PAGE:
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FX Trading – Here’s to Hoping on China …
There was a story in Bloomberg last week regarding the potential for China’s economic recovery to have already begun. I believe the evidence rested simply on the effects of the Chinese’s stimulus plan.

The thing is, even though the US is floundering over its stimulus package, possessing the ammunition and holding the economic vantage point apparently allows China’s government stimulus to rescue their economy within a few short months of its introduction.

hrhrhhgghghghrrrbullcrapghghhrrrhhhgghrhhr …

(Sorry, that was a cough – I’m been feeling kind of under-the-weather the last two days.)

China would be very happy to know that their spending efforts on railways and residential homes since November have sparked recovery. But I have a feeling they’re not banking on such sage advice.

China’s economy is set to grow 6.6% in the second quarter of this year. Flip that number upside down and you have China’s recent pace of growth not long ago (9.9%). While 6.6% is better than the 6.3% that China is expect to do in the first quarter, we have to wonder if 6.6% can sustain social and economic stability in China.

I would say it’s going to be a very tough task. Was it not just the middle of last year that analysts expected China’s growth rate could drop to as far as 8% without shaking up the economy? Now that we’ve broken down through that threshold, where are all the China bears?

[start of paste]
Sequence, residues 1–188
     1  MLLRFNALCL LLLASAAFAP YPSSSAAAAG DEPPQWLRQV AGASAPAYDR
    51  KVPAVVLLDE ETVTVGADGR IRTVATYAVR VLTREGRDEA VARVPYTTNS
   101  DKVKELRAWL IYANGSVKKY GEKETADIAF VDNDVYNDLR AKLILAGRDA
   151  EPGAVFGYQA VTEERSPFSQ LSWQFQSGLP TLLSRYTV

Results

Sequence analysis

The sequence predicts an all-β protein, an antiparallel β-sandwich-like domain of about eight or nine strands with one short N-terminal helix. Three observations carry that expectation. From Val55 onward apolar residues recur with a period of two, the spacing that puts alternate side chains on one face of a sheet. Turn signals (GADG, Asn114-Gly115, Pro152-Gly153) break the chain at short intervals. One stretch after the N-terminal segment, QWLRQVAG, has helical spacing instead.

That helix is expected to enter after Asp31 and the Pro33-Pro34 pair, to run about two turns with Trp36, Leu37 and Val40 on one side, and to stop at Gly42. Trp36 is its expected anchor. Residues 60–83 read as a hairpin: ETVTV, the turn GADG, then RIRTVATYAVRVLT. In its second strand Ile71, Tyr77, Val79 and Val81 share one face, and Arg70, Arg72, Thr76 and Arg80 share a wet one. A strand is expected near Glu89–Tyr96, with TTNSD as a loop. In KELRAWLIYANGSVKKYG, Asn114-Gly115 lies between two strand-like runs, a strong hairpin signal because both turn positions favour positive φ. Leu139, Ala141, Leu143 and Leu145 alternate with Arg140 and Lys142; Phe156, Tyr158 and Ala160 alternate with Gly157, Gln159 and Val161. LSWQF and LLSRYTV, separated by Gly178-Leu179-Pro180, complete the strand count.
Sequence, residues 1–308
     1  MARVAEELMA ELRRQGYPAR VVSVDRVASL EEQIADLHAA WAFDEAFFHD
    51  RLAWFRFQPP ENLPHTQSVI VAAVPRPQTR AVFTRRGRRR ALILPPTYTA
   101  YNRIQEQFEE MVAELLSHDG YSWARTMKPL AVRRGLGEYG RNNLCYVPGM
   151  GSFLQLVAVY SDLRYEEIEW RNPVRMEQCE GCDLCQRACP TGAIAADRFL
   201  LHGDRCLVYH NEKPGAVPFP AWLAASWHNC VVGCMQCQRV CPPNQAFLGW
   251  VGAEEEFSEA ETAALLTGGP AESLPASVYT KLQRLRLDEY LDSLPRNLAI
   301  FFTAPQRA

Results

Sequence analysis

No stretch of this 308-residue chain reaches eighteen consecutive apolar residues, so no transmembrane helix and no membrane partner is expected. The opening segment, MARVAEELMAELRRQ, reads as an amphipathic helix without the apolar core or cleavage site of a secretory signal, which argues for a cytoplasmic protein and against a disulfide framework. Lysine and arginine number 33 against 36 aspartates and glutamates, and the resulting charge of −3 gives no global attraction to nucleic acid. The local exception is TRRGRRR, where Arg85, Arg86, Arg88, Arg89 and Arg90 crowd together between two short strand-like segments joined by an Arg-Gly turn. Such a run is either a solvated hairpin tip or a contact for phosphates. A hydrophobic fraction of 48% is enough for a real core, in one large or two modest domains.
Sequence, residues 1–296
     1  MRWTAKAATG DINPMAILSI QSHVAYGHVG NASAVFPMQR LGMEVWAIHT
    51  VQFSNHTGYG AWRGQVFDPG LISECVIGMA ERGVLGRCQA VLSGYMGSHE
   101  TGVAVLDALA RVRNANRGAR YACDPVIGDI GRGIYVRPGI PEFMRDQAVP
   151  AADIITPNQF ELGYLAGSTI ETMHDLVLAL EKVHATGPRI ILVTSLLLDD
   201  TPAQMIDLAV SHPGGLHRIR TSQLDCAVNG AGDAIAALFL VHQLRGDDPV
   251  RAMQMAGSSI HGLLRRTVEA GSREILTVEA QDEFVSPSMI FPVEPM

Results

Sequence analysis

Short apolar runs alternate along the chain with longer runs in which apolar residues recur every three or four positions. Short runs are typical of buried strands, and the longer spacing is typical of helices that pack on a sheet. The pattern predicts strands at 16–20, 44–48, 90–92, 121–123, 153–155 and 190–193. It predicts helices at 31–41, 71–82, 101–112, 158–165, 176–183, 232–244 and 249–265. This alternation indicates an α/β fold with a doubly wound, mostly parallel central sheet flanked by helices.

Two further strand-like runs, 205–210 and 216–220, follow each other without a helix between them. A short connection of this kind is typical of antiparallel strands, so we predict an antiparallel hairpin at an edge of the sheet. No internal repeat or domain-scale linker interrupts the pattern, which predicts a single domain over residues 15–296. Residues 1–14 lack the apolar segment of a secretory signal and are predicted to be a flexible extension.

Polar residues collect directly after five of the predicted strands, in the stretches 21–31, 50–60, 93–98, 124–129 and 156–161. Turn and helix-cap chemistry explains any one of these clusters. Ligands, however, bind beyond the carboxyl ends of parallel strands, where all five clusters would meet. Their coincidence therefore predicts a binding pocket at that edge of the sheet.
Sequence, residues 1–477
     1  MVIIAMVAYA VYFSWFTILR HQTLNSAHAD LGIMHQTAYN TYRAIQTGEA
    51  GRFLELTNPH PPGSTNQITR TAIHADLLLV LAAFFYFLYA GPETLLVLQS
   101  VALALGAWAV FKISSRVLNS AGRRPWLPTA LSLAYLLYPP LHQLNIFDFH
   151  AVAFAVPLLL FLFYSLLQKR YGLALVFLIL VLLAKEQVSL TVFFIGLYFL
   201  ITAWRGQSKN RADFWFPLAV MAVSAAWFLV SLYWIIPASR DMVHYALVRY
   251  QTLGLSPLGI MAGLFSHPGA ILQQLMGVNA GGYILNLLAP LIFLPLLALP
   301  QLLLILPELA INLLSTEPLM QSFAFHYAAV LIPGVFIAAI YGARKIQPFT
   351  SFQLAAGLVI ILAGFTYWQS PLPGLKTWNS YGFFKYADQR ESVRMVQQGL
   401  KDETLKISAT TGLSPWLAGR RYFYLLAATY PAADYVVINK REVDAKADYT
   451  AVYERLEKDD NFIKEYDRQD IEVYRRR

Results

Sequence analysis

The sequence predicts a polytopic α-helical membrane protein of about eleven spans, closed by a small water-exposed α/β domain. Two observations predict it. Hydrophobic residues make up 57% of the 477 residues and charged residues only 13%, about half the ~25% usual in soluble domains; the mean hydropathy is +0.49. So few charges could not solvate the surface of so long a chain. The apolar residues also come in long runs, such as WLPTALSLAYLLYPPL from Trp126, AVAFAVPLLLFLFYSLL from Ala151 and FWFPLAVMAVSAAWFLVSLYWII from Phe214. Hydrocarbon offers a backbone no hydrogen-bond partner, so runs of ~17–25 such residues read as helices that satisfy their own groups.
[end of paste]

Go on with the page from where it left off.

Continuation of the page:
Well, right here in Currency Currents is where major China bears reside!

Below is a chart that Jack first presented in the World Outlook Conference in Vancouver two weeks ago–he expects to see major unrest in China, continued soaring unemployment, and plunging growth numbers. 

The red X you see on the chart is our guess that Chinese GDP growth has now crossed down below urban unemployment rate–and that gap is widening fast!  It’s bad news for guys that like stability. The “China way” is about to get slammed we think.  And on that score–emerging markets get slammed and money runs more quickly into the good old reserve currency–the lowly dollar.

No matter your story it seems Bloomberg’s going to have some place for you to hang your hat; ours is on the bear post.  Today a story popped up regarding the surging cost of shipping. The conclusion drawn from the 147% jump in shipping prices (Baltic Dry index) is supportive of China’s export economy and those economies exporting to China. More evidence pointing toward China’s recovery, right?

The other conclusion drawn from the Baltic Dry Index’s recent climb is that currencies of commodity-exporting countries will be supported as well. The correlation between shipping costs and ComDols — specifically the Australian dollar, Norwegian krone and Canadian dollar, as it was noted in the article — has grown tight over the last year.

It was also said that the Baltic Dry Index was a good leading indicator for commodity prices; and that currency traders were increasingly using it as an indicator for ComDols. Seems they may have abandoned it …

The Baltic Dry Index has “surged” since the turn of the year …

But the ComDols mentioned in the article have each “tanked” since the turn of the year …

I guess the question is: who’s leading and who’s following now? Key lows are waiting in the wings. Can commodity prices rebound in time to stop the currency bleeding? China better get on the stick if they’re going to save Norway, Canada and Australia.